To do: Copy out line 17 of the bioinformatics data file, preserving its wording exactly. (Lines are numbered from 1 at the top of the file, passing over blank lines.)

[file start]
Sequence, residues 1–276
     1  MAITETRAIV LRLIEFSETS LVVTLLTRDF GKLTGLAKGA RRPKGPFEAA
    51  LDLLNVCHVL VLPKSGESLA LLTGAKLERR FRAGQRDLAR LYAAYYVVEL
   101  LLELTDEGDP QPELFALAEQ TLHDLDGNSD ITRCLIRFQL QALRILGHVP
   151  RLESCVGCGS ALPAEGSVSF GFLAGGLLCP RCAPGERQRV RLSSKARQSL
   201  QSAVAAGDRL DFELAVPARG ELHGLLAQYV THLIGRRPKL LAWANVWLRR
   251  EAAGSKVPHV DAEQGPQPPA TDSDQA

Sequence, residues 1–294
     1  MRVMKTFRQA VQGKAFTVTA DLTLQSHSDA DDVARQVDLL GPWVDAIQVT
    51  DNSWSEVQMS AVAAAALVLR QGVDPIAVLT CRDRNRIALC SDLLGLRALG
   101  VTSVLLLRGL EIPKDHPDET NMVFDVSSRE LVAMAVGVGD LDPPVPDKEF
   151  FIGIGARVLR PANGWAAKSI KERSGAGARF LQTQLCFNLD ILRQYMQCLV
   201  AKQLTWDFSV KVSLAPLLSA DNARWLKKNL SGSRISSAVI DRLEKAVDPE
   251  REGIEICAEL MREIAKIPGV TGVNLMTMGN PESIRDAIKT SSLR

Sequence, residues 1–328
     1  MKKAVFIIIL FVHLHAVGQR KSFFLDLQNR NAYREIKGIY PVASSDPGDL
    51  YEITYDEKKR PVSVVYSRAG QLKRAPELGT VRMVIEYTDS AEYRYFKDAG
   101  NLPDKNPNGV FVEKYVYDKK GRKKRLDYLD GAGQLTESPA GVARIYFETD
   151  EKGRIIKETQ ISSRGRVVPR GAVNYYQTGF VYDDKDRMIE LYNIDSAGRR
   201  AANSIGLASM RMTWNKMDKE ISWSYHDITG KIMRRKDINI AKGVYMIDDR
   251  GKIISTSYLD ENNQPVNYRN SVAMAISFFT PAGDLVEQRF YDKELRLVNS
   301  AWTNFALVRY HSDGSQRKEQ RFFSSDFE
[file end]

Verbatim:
    51  YEITYDEKKR PVSVVYSRAG QLKRAPELGT VRMVIEYTDS AEYRYFKDAG